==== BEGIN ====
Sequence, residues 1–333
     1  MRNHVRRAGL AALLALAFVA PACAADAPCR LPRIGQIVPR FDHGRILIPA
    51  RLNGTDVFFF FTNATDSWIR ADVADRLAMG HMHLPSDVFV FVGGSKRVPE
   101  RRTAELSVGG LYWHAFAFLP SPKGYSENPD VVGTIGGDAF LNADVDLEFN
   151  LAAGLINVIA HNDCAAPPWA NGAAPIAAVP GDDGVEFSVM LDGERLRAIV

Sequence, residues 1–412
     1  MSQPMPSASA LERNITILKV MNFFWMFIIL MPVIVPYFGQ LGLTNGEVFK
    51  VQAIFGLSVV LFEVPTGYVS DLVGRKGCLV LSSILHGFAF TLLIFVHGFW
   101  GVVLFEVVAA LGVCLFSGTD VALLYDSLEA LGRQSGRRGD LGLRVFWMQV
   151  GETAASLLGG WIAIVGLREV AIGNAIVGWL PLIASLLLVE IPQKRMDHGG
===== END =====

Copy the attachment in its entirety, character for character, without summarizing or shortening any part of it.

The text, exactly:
Sequence, residues 1–333
     1  MRNHVRRAGL AALLALAFVA PACAADAPCR LPRIGQIVPR FDHGRILIPA
    51  RLNGTDVFFF FTNATDSWIR ADVADRLAMG HMHLPSDVFV FVGGSKRVPE
   101  RRTAELSVGG LYWHAFAFLP SPKGYSENPD VVGTIGGDAF LNADVDLEFN
   151  LAAGLINVIA HNDCAAPPWA NGAAPIAAVP GDDGVEFSVM LDGERLRAIV

Sequence, residues 1–412
     1  MSQPMPSASA LERNITILKV MNFFWMFIIL MPVIVPYFGQ LGLTNGEVFK
    51  VQAIFGLSVV LFEVPTGYVS DLVGRKGCLV LSSILHGFAF TLLIFVHGFW
   101  GVVLFEVVAA LGVCLFSGTD VALLYDSLEA LGRQSGRRGD LGLRVFWMQV
   151  GETAASLLGG WIAIVGLREV AIGNAIVGWL PLIASLLLVE IPQKRMDHGG